They are like TV doctors, going through the motions, making for a lot of drama, but nobody is every really cured. The priests are so strapped by their own limitations, their own sinfulness, that the sacrifices they offer can never accomplish what we need most.
As long as the first Tabernacle is still standing, the way into this Most Holy Place still remains hidden, undisclosed. As glorious as this Tabernacle is, there is still that curtain blocking the entrance into the Most Holy Place – still separating us from God.
How many thousands of animals had died to consecrate this sinful and rebellious people? As much blood as had been shed, as many animals as had died – they still could not cleanse the conscience of the worshiper.
We haven’t walked into the middle of the story – the writer has spent eight chapters preparing us for this moment. He has painted the inadequacies of the old, the hopelessness of our situation – he sets the stage for what we know is coming. And then in vss. 11 he reveals the reality – the substance of which all this was a shadow against the wall.
When Christ came as high priest of the good things that are already here, he went through the greater and more perfect tabernacle that is not man-made, that is to say, not a part of this creation. He did not enter by means of the blood of goats and calves; but he entered the Most Holy Place once for all by his own blood, having obtained eternal redemption. The blood of goats and bulls and the ashes of a heifer sprinkled on those who are ceremonially unclean sanctify them so that they are outwardly clean. How much more, then, will the blood of Christ, who through the eternal Spirit offered himself unblemished to God, cleanse our consciences from acts that lead to death, so that we may serve the living God! For this reason Christ is the mediator of a new covenant, that those who are called may receive the promised eternal inheritance—now that he has died as a ransom to set them free from the sins committed under the first covenant. (Heb 9:11-15)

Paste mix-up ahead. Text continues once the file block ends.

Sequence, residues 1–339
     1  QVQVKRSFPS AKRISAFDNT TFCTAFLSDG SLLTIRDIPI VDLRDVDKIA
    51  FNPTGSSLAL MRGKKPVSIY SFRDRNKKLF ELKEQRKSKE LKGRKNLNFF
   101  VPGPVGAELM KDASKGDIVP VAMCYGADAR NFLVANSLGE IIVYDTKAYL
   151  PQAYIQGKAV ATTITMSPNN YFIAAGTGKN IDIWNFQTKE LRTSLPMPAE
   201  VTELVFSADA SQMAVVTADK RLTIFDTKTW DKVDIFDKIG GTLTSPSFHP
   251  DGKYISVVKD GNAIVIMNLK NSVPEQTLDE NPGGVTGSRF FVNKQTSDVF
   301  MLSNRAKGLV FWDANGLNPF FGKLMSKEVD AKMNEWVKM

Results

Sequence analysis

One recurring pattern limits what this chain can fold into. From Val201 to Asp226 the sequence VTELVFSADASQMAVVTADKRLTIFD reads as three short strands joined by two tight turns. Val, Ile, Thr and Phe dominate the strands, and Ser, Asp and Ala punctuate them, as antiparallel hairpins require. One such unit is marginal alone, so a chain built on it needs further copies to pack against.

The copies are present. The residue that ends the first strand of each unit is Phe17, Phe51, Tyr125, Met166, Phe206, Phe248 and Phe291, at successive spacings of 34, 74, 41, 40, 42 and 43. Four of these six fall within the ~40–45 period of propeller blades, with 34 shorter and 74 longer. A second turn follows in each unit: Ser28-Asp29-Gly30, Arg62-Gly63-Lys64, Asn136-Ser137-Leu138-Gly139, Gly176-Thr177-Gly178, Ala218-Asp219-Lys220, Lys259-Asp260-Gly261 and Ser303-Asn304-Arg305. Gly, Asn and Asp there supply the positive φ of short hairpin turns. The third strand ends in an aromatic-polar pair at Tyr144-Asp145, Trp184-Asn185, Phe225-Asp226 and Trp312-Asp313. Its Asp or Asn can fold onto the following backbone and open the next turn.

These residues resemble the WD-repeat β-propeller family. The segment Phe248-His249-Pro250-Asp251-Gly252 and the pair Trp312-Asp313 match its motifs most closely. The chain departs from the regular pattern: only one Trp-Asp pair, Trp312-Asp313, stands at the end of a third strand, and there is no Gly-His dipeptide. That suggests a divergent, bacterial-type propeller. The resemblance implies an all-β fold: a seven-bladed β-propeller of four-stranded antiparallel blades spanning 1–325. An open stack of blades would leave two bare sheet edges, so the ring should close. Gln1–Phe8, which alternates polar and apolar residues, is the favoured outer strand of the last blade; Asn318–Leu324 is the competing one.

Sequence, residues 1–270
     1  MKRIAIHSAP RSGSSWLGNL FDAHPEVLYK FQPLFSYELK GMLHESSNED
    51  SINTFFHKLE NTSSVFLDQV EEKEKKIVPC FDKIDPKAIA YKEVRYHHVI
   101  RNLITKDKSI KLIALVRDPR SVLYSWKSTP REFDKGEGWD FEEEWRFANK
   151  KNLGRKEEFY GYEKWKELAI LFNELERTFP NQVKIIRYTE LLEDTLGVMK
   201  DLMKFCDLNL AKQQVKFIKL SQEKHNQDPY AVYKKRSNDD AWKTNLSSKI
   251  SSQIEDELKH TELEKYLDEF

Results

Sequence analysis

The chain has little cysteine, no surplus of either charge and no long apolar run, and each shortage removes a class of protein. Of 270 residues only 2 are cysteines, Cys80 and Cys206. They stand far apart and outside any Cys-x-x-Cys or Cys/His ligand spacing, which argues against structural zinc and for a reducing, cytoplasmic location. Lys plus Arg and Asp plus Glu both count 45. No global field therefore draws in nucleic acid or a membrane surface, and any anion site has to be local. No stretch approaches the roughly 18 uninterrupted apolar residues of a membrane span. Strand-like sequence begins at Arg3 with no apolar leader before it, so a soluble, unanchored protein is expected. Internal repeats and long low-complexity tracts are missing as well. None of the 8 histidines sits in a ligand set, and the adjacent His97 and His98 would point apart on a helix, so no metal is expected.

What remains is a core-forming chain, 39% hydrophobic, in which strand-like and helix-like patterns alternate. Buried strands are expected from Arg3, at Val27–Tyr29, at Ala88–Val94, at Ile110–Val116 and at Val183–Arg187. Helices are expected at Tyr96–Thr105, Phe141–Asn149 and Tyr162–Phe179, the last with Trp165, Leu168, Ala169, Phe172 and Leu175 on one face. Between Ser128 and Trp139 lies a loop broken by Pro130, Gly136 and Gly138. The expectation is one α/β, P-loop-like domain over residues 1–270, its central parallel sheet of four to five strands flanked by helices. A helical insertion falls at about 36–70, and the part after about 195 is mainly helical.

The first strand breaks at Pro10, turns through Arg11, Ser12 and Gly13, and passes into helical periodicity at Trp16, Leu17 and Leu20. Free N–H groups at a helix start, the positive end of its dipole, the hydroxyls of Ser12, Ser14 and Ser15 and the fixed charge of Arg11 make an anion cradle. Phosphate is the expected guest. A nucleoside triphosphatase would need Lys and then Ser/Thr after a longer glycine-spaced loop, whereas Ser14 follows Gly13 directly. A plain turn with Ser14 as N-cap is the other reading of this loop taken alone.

Notice the power of the new:
- He didn’t come through the old Tabernacle, but the greater and more perfect tabernacle.
- He didn’t offer the blood of goats and calves, but his own blood.
- He didn’t have to make this sacrifice year after year, but once for all, for everyone.
- His sacrifice wasn’t just ceremonial – not just an external washing – but his blood cleansed deep down, through and through. It cleanses our conscience and frees us from sin.
- And the writer tells us that everyone who comes to him has been freed from their sin and receives the promised eternal inheritance.
The writer anticipates the question that everyone of has asked at one time or another: “Why?” Why did Christ have to die? Couldn’t God have figured out some other way? Written it all off like a bad debt? Some other way so that Christ didn’t have to go to the cross?
And the writer explains:
There are certain rules that govern the making of wills (the same word as covenant): a death must take place, blood must be shed – vs. 22 – “the law requires that nearly everything be cleansed with blood, and without the shedding of blood there is no forgiveness.”
And even God – sovereign, almighty God – obligates himself to these same rules. He does not claim an exemption; he does not rewrite the rules. His holiness and righteousness demand that he fulfill these legal requirements.
And so, the cross – the sacrifice – the death – the blood is shed – the covenant is fulfilled.